Smartphones as a cost factor: how to save money

Smartphones as a cost factor: how to save money


On average, each smartphone owner pays 34.26 euros per month for ownership and operation. With these simple tips, you can significantly reduce your costs. […]

How to save money on your smartphone (c) Pixabay

Smartphones have unleashed a true disruption. When Steve Jobs introduced the first iPhone in 2007, the Apple founder ushered in a new era. Today, smartphones are an indispensable part of our everyday life. Medical appointments, shopping, education, and even sports – all this runs today on our mobile companions.

The comparison portal Check24 has calculated that we pay an average of 34.26 euros per month for our “smartphone pleasure”. We expect more and more functions, apps, and location-independent data volume. In the following article, I will show you how to significantly reduce your monthly mobile phone costs with some savings tips.

Rely on used smartphones

Smartphones have an average useful life of 1.5-2 years. Short innovation cycles mean that we see mobile phones as obsolete after a certain period of time, even though they are still usable. After that, they are obsolete and are replaced. The old device ends up in many households in the drawer or in electronic waste. Is this sustainable? No, absolutely not.

You can sell your old smartphone. Especially high-quality models like the iPhone can still be sold at comparatively high prices even after a few years of use. It doesn’t allow you to fund just a fraction of your new device. They also act according to sustainable standards. Your old device remains in circulation and conserves resources because the buyer could alternatively have bought a new smartphone. eBay is one of the most popular platforms where you can find buyers relatively quickly.

To increase your sales chances, you should avoid significant signs of wear. Consistently use protective films and bags during the service life to maintain the optical condition of your device.

Compare fares before closing

Many friends from my area rely on expensive mobile phone contracts and often pay up to 50 euros per month for mobile phone use. Of course, this is cheaper. On the one hand, you should always check comparison offers before concluding a contract – this is often where the savings potential is hidden. Use platforms such as Check24 or Verivox.

Also, it may be worthwhile to take a contract without a device and buy yourself a cheap model. Ideally, you calculate your desired model once with and once without a contract and compare both variants. So make sure you always choose the cheapest option.

You can also switch to a prepaid tariff and opt for low-cost flat-rate packages. On the one hand, you avoid a long contract and sometimes enjoy the same range of functions at a fraction of the cost. Extensive prepaid packages (incl. Telephone and Internet flat rate) is already available from ten euros per month. In addition, pay attention to the observance of notice periods for contracts. Ideally, make a note of this and set a termination alarm clock to avoid a costly extension.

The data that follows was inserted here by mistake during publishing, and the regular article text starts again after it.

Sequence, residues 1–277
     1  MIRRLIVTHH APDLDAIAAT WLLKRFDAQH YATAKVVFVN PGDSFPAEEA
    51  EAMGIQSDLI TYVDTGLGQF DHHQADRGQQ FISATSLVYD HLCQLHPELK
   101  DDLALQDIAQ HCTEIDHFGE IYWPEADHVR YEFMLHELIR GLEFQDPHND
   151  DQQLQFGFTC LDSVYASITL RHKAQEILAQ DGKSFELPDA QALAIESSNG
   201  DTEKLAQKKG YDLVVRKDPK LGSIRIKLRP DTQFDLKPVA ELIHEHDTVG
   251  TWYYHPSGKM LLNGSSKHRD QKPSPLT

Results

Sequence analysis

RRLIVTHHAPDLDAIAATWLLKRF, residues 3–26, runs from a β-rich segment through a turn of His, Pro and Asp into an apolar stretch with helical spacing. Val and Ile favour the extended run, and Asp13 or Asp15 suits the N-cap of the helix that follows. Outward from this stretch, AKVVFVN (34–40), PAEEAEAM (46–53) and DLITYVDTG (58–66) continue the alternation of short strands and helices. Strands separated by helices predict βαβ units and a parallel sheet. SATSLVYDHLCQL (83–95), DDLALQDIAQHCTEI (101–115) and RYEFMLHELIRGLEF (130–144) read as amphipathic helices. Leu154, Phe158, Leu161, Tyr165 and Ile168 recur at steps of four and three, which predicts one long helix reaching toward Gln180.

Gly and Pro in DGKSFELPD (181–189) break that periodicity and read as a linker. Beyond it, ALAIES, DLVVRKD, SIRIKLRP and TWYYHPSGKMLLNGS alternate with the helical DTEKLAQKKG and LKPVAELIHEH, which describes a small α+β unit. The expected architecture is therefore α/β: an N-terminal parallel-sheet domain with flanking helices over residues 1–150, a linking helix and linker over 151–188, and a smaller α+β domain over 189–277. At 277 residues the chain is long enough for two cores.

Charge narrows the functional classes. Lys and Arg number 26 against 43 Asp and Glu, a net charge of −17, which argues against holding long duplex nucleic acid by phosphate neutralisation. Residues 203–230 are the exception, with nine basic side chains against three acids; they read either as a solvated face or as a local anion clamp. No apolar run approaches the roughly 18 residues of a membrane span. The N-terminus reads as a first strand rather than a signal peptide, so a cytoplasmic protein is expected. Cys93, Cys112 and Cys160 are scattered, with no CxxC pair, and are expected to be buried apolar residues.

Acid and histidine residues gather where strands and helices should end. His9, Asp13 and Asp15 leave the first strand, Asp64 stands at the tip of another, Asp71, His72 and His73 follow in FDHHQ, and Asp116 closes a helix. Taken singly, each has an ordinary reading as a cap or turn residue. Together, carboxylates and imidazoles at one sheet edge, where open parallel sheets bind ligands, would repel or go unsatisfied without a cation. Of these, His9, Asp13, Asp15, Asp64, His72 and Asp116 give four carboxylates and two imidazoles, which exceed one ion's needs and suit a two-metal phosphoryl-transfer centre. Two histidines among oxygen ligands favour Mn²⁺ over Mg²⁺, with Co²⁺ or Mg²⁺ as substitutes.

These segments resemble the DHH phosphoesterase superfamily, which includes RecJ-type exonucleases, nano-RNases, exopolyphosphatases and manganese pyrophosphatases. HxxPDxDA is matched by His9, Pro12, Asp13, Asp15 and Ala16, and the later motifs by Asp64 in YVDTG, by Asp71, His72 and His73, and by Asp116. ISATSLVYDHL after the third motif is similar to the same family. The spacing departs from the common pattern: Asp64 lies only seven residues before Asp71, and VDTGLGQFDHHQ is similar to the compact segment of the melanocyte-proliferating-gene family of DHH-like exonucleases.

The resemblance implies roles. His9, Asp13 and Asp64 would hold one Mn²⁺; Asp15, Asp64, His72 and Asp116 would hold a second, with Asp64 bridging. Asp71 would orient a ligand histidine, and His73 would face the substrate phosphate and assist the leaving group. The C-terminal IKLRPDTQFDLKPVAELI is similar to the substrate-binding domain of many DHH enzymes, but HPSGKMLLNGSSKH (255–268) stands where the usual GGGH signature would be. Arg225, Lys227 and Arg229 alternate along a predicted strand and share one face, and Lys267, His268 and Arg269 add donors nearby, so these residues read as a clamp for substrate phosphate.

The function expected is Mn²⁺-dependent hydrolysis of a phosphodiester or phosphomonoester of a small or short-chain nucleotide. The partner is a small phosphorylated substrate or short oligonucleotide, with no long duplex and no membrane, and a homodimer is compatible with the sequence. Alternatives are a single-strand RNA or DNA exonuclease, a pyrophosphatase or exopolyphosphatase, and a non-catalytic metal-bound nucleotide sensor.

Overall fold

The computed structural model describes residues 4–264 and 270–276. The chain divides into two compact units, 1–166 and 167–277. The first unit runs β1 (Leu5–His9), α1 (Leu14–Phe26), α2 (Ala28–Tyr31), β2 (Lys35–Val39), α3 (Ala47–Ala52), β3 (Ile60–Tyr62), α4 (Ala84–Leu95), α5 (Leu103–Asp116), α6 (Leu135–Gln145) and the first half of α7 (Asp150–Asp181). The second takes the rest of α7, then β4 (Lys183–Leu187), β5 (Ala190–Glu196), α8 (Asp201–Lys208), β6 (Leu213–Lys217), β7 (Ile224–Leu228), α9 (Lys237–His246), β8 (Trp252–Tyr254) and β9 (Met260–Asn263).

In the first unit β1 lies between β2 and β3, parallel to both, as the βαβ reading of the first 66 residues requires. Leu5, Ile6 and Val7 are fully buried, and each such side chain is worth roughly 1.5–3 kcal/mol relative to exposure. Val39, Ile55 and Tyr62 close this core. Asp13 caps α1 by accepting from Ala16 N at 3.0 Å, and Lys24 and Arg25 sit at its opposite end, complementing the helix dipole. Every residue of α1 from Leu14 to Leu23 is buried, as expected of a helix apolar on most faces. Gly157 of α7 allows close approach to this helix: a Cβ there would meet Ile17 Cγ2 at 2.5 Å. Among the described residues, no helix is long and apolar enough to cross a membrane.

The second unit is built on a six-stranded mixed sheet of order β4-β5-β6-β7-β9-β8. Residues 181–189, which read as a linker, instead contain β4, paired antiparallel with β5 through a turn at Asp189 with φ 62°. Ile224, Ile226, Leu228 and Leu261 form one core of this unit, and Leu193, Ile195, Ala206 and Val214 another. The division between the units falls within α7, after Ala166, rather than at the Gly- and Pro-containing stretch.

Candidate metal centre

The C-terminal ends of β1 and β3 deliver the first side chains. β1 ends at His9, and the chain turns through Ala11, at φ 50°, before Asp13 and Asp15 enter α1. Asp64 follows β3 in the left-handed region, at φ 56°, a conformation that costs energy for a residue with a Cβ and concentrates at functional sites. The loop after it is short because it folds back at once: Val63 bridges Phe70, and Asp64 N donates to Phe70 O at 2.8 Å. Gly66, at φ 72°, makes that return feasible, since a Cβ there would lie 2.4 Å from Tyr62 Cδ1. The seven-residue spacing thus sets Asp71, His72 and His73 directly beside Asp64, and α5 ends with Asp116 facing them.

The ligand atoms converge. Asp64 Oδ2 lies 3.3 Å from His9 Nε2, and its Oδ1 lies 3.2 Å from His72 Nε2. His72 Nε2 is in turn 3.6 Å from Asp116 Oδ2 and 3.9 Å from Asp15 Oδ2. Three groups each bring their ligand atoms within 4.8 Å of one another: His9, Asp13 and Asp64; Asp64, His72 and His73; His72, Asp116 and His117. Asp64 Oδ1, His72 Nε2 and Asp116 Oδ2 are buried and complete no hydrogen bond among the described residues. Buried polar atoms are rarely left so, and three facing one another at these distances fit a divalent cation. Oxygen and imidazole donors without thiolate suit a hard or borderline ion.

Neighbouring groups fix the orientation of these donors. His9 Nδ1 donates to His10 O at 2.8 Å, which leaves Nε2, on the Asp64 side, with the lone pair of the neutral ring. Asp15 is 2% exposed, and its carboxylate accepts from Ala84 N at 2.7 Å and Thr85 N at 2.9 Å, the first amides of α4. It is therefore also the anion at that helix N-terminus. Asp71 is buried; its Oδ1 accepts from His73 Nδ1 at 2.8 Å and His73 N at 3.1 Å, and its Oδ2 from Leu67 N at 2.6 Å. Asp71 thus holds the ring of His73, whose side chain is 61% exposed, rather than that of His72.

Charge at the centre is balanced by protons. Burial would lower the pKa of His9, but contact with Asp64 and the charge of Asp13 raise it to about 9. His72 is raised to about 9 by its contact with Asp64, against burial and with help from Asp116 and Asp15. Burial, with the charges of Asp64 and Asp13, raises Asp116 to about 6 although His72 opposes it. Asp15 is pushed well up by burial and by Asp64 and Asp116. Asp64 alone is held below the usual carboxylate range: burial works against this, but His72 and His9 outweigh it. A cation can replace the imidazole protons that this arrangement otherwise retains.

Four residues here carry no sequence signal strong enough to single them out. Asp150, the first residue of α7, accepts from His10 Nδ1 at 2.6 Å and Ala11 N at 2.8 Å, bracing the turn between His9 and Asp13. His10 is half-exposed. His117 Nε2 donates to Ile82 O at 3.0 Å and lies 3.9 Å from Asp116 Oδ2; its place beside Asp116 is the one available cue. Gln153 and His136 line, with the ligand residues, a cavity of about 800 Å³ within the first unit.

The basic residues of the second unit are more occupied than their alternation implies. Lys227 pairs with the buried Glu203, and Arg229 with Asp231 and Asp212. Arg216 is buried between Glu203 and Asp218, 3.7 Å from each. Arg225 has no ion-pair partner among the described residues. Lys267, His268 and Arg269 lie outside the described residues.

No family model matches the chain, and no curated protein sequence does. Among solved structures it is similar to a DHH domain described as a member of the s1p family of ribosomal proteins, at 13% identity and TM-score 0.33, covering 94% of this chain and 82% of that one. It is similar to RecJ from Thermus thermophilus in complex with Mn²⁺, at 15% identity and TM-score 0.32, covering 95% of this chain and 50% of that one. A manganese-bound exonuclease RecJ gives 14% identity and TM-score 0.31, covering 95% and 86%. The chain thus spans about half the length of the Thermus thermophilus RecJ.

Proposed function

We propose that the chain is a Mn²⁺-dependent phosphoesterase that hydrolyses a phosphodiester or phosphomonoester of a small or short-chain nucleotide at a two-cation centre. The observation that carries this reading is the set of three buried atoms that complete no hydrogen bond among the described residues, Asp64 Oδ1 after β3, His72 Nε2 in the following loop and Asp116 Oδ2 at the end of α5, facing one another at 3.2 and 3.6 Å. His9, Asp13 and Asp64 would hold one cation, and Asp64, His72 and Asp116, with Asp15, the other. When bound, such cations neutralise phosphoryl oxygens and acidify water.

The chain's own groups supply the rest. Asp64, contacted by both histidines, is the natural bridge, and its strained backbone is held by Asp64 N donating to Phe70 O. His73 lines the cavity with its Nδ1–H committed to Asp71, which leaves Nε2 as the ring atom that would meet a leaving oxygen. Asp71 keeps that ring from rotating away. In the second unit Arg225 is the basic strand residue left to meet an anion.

Cancel current subscriptions

In-app purchases are a huge cost trap if only because in times of fingerprint and credit cards it is becoming easier and easier to conclude fee-based contracts. I noticed that many app subscriptions remain unknown to users. Only after payment is it noticeable that a contract has been concluded. For this reason, I recommend that you always pay attention to whether it is a paid model before buying or downloading an app.

Some apps work with in-app purchases, others are paid directly when downloading. Take a look at the settings of your iOS or Android smartphone and see if you have open subscriptions that you no longer need.

To limit costs, you should not link credit cards or other payment methods to the App or Play Store.

Use Wi-Fi hotspots

Wi-Fi hotspots are a boon for those who want to save on mobile Internet usage costs. Meanwhile, almost all cafes, train stations, and supermarkets offer free Wi-Fi access for their customers. You should use this option to protect your data volume.

Especially abroad, the use of your own data volume can quickly become expensive, especially outside the EU sometimes incur high fees. Look out for Wi-Fi hotspots and use the Internet only in these places. Alternatively, you can also take out a specific flat rate for abroad in order to save costs at least when using it.

Another note for travelers: save your maps locally. Google Maps, for example, is a pure online app. Normally, a data connection is always necessary to browse the card. In order not to be dependent on expensive data roaming abroad, I recommend that you download the required map material to your smartphone in advance. The data is stored in the cache for about 21 days.

* Carlos Link-Arad is co-founder of the learning platform for finance Beyond Saving.

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